« Reply #9 on: February 07, 2013, 07:13:57 PM »

Hello All -

First I want to thank all who have taken the time to make any suggestions.  Collectively it gives one a good bit to think about.

I have had all Heck break loose over the last three days, and am still grappling with some of those dubious pleasures.  How'se that song go - ''If it weren't for bad luck I'd have no luck at all!"! 

Anyhow, I hope (maybe) to have some time this weekend to look into, on, about, through and under this passel of electrical components to see if I can make any sense of it.  I'll reply when that happens.

Fred
Logged
K8AXW
Member

Posts: 3723




Ignore
« Reply #10 on: February 08, 2013, 08:09:56 AM »

Fred: 
Quote
under this passel of electrical components to see if I can make any sense of it.

At the risk of insulting your intelligence and or troubleshooting ability, may I suggest you concentrate on the pass transistors and the regulator chip, in that order?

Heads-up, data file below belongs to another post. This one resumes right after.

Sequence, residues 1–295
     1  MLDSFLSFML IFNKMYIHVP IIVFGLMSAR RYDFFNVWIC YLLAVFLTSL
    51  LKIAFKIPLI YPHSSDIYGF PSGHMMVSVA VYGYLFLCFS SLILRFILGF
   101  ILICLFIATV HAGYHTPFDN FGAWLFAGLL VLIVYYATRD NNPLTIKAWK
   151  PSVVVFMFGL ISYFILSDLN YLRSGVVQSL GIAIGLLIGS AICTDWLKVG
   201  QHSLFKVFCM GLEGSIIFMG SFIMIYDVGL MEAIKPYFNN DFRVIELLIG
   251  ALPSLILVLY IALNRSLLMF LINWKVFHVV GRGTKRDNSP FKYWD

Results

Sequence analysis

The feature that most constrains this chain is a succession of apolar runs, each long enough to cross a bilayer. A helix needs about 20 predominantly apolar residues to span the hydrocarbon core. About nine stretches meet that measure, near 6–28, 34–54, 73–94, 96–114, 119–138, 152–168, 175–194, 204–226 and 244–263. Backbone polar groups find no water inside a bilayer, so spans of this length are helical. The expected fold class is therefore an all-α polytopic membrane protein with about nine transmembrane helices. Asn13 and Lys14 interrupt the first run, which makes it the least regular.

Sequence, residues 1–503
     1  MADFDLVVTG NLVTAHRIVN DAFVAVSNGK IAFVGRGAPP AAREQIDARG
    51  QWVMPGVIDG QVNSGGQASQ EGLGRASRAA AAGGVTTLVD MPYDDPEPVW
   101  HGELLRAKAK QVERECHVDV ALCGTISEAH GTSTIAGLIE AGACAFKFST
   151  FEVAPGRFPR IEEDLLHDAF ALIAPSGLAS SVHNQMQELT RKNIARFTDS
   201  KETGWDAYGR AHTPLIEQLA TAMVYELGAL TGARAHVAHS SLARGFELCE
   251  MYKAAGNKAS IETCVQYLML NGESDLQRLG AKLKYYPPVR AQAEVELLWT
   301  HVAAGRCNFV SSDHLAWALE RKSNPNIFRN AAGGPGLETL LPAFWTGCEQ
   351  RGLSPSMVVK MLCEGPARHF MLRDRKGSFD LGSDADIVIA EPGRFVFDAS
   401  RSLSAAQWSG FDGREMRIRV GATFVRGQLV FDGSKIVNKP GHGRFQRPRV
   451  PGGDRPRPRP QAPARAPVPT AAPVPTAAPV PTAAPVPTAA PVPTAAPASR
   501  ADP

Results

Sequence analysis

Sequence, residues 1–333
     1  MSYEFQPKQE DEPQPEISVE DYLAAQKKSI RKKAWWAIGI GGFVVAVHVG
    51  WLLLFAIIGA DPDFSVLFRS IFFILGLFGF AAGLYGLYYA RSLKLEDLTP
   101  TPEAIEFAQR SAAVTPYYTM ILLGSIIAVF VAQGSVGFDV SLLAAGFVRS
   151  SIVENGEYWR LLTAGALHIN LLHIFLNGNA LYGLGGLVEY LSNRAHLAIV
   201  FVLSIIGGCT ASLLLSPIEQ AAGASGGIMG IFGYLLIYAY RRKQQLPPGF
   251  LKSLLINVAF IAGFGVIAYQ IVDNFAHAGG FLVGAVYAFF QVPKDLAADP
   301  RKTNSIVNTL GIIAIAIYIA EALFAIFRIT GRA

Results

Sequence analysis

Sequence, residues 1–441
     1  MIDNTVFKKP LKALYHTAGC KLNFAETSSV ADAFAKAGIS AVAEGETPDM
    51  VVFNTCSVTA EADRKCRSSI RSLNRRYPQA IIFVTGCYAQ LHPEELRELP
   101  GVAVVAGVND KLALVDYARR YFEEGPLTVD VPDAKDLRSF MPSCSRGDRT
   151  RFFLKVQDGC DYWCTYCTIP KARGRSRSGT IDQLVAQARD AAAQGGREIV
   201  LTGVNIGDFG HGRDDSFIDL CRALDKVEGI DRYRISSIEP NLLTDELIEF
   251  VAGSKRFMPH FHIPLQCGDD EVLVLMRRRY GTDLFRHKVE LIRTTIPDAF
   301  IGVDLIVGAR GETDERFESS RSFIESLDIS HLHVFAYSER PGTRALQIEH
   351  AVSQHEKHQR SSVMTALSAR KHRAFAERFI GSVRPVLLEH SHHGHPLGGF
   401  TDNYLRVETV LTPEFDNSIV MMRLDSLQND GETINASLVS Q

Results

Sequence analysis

There isn't any reason to pay attention to the "passel of electrical components."  Quite often it's difficult to see a tree when you're looking at a forest.

The pass transistors can be checked with a VOM and the chip can be replaced.  If it's soldered in the board, remove it and add a socket then the new chip.  Could save a lot of work in the future.

Come back and let us know what you found.

AL - K8AXW
Logged
N4HMR
Member

Posts: 6




Ignore
« Reply #11 on: February 18, 2013, 07:13:48 PM »

Hey All -

All I have time for here is a brief update.  Seems I can't get one problem dealt with without two more taking it's place.

Haven't had time to touch the PS other than to shove it to the back of the bench with all the Crap goin' on.  BUT, I did email Daiwa, and - LO and Behold - the Gent there sent me a copy of the schematic!  He said it was a REAL old supply, so I reckon they didn't have too many worries about releasing it.  Hey, works for me.